Friday, May 30, 2008

Anti-drug ads

Nick Gillespie summarizes some of the funnier drug ads/shows of our time. For me, Cartoon All-Stars to the Rescue will always win out. In it, a gang of cartoon heroes including the Smurfs, Winnie the Pooh, Alvin and the Chipmunks, Garfield, the Ninja Turtles, Bugs Bunny, and many more help get a kid off drugs. God bless America:

Read more.

You are likely to be eaten by a grue

The Gamer's Quarter (and accompanying forums) shows a random banner at the top of the page. Some of them are really great, and we even have a neato banner identifier that lets you know what's what.

I love things like this, because it allows room for such creativity from the community. Observe:
Read more.

Saturday, May 17, 2008

Sylvia Browne, always good for a laugh

I'm ever-amused by videos of bad psychics and mediums, and fascinated by how they defend themselves when they're wrong. They typically become aggressive: I'm the one talking to the dead here, so no matter what you know about the circumstances, you should trust my judgement.

Watch this video of Sylvia Browne on Montel. The couple's initial reaction is priceless. Montel tries to justify Sylvia, but oddly, the couple offers suggestions as well, after they've gotten over their befuddlement.

Read more.

Public choice cynicism

Politically, I'm about as cynical as you can get. The reason is that I put my money behind Public Choice theory, which maintains that government actors respond to incentives the same way economic actors do--genuine, people-oriented change requires not exchanging politicians but exchanging incentives, changing entire systems. This time around, I've been rooting for Obama, if only because I think he will prove outlooks like this one entirely naive.
Obama stands against bad governing not only in his support of specific practices like open data standards and basic network neutrality, but in his work against corruption from day one. He’s sponsored legislation to restrict gifts to Congress by industry representatives (which also carried a whole slew of anti-corruption measures that were a breath of fresh air). He’s fought against vote fraud. He’s been pushing for election and lobbying reform from the start, and in his campaign he’s refused to take lobbyist money.

I'm almost positive that Obama's presidency will be marked by as many blunders and panders as anyone else's. Special interest politics has nothing to do with the character of the politicians engaging in it. So when Obama says that he's going to waste money and possibly endanger children's lives by supporting further research into the vaccine-autism link, it's par for the course. And when he says,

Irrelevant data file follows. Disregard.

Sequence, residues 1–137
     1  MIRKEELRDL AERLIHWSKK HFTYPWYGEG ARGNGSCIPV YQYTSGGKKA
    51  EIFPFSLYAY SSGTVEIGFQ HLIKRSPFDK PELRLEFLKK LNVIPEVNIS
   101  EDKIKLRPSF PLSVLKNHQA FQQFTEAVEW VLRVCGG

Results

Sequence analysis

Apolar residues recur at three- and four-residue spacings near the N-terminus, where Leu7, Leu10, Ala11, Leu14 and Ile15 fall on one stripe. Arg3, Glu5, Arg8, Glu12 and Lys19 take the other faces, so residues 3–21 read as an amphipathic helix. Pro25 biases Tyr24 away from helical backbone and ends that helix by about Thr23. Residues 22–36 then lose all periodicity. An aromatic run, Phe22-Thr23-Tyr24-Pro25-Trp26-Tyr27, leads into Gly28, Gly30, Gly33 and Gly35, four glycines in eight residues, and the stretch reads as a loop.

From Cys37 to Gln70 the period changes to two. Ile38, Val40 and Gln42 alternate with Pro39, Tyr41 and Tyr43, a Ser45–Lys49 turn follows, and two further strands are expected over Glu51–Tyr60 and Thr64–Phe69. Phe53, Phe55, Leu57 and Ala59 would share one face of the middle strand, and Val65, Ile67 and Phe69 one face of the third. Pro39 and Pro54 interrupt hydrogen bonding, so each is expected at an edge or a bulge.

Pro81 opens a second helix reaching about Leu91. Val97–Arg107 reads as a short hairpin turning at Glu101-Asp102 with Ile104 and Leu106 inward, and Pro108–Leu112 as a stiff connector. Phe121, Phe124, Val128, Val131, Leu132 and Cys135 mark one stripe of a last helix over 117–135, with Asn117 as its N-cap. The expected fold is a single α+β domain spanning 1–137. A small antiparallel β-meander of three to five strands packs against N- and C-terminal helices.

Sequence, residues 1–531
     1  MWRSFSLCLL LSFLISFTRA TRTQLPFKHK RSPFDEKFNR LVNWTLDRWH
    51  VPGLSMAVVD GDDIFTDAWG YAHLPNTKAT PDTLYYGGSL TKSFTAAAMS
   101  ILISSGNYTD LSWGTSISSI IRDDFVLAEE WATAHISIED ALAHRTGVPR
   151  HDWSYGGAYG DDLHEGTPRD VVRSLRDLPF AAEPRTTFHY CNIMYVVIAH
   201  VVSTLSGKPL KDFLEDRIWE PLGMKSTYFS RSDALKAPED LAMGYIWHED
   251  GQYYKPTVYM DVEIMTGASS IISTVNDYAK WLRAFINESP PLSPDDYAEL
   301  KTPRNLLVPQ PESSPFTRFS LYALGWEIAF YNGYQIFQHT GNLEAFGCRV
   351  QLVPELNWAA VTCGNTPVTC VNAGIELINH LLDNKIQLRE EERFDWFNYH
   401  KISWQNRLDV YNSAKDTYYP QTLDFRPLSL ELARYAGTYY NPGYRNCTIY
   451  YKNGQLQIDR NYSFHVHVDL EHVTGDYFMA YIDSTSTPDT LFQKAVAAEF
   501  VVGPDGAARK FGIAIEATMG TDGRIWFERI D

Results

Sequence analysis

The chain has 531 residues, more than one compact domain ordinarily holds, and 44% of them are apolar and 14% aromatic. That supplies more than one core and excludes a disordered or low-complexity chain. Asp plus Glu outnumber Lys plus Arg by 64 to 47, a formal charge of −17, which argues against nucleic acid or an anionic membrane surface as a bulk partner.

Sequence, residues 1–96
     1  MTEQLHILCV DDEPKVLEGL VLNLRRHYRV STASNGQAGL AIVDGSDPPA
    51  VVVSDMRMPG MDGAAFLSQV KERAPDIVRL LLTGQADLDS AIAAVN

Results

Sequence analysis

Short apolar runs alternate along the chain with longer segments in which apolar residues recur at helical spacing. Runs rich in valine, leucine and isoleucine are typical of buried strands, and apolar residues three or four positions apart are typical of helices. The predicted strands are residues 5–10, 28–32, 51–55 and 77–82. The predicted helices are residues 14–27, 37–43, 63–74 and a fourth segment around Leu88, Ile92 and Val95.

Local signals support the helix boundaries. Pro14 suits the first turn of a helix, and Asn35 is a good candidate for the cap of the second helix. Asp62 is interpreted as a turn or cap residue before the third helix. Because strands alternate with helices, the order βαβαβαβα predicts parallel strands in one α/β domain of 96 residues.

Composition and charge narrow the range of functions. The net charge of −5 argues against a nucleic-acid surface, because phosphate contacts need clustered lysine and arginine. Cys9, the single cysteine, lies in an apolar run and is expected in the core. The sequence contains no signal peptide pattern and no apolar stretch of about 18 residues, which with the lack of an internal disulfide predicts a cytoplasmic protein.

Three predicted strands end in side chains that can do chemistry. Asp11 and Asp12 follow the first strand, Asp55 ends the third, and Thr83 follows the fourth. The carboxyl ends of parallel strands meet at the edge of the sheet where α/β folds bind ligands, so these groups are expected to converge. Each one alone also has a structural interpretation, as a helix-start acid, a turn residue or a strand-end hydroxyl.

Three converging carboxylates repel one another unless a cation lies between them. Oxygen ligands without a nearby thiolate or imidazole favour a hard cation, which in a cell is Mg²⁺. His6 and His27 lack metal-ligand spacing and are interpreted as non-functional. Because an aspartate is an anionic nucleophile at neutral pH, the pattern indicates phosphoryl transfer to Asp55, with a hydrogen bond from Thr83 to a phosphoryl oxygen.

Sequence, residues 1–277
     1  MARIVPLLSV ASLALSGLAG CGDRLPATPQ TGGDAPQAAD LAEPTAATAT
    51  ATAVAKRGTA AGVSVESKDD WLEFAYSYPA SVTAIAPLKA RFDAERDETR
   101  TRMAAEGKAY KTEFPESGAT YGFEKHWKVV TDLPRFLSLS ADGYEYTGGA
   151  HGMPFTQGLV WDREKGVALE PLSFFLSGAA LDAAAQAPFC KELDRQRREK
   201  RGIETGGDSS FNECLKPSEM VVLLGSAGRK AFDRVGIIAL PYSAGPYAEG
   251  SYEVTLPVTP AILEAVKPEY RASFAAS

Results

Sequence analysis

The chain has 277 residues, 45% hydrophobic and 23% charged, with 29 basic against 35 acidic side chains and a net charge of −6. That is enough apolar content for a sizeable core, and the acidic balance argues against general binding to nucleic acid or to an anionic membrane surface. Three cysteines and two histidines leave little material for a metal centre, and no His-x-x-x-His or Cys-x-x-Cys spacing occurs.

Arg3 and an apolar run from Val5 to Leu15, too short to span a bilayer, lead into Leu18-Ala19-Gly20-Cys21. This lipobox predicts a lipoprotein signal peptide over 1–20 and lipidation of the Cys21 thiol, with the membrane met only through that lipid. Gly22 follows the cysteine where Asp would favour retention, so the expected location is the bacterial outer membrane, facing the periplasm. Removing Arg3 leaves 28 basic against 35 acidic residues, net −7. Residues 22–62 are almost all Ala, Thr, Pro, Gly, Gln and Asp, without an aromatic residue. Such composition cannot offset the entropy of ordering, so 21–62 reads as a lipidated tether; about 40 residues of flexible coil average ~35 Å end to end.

We need to stand up to the special interests, bring Republicans and Democrats together, and pass the farm bill immediately.

I just get a big econ-nerd grin on my face (though I promise I'm sad on the inside). Obama: standing up to special interests by supporting even their most blatantly harmful of bills.

Read more.

Friday, May 16, 2008


Are roguelikes and tabletop RPGs fun because of a common cognitive bias?

Probably! Read more.

I judge you when you're ignorant of your own pet cause

A popular Facebook group, now with over 250,000 members, is titled I judge you when you use poor grammar. Users post photos of "poor grammar" sightings, ranging from internet posts to signs in restrooms. Even awkward Engrish labels are properly Judged. The administrators have even made t-shirts.

It's funny for the same reason these things are always funny. The group members make no distinction between grammar errors and errors of spelling, punctuation, usage, etc. Many of the grammar "errors" are violations of completely imaginary rules. (I know I spotted at least two less/fewer examples in only the first few pages of over 4500 pictures.)

Also funny is the small-time group war going on. If you do a quick group search for "judge grammar", you can find such groups as "I judge you for judging me for using bad grammar" and "I judge you when grammar is your sole claim to intellectual superiority." Read more.

Persona 3 Sprites

I didn't really like Persona 3, but I love Paul's spritework of all the characters.

And on the subject of the Mechafetus Visublog, you should bookmark it, along with Persona's youtube channel. Don't forget to watch Paul's Kings of Power 4 Billion %. Best sprite movie you'll see all year. Read more.

Wednesday, May 14, 2008

The Shock Doctrine

I don't know many people who take Naomi Klein very seriously*, and if you're wondering why, Johan Norberg just wrote a critique of last year's The Shock Doctrine: The Rise of Disaster Capitalism. He's as thorough as always, and it only takes him 20 pages to show that Klein has about the same respect for accurately quoting sources as Fox News.